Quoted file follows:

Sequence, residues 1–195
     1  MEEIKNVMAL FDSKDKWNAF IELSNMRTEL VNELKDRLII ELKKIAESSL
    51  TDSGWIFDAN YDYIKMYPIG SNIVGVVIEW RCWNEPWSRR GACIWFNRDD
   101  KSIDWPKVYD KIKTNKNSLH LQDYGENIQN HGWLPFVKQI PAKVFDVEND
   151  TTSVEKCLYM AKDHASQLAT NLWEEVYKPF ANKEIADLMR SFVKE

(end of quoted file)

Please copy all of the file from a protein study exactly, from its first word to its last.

Sequence, residues 1–195
     1  MEEIKNVMAL FDSKDKWNAF IELSNMRTEL VNELKDRLII ELKKIAESSL
    51  TDSGWIFDAN YDYIKMYPIG SNIVGVVIEW RCWNEPWSRR GACIWFNRDD
   101  KSIDWPKVYD KIKTNKNSLH LQDYGENIQN HGWLPFVKQI PAKVFDVEND
   151  TTSVEKCLYM AKDHASQLAT NLWEEVYKPF ANKEIADLMR SFVKE